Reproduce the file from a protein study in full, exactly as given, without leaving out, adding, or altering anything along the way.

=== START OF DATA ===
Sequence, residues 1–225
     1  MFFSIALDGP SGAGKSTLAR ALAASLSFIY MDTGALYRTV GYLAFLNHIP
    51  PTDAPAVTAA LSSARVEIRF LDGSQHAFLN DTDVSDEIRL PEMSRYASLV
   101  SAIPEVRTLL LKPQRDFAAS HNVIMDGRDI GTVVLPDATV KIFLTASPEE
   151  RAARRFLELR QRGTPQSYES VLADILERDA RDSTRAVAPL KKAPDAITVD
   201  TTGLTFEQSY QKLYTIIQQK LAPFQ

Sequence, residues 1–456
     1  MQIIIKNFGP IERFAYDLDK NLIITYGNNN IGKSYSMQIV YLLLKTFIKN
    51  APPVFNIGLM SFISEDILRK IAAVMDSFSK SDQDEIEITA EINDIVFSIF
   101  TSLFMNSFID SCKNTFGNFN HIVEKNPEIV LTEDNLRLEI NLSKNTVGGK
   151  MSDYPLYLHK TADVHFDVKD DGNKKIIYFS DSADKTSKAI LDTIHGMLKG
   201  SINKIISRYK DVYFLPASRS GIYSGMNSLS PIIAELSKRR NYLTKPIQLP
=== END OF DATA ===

Sequence, residues 1–225
     1  MFFSIALDGP SGAGKSTLAR ALAASLSFIY MDTGALYRTV GYLAFLNHIP
    51  PTDAPAVTAA LSSARVEIRF LDGSQHAFLN DTDVSDEIRL PEMSRYASLV
   101  SAIPEVRTLL LKPQRDFAAS HNVIMDGRDI GTVVLPDATV KIFLTASPEE
   151  RAARRFLELR QRGTPQSYES VLADILERDA RDSTRAVAPL KKAPDAITVD
   201  TTGLTFEQSY QKLYTIIQQK LAPFQ

Sequence, residues 1–456
     1  MQIIIKNFGP IERFAYDLDK NLIITYGNNN IGKSYSMQIV YLLLKTFIKN
    51  APPVFNIGLM SFISEDILRK IAAVMDSFSK SDQDEIEITA EINDIVFSIF
   101  TSLFMNSFID SCKNTFGNFN HIVEKNPEIV LTEDNLRLEI NLSKNTVGGK
   151  MSDYPLYLHK TADVHFDVKD DGNKKIIYFS DSADKTSKAI LDTIHGMLKG
   201  SINKIISRYK DVYFLPASRS GIYSGMNSLS PIIAELSKRR NYLTKPIQLP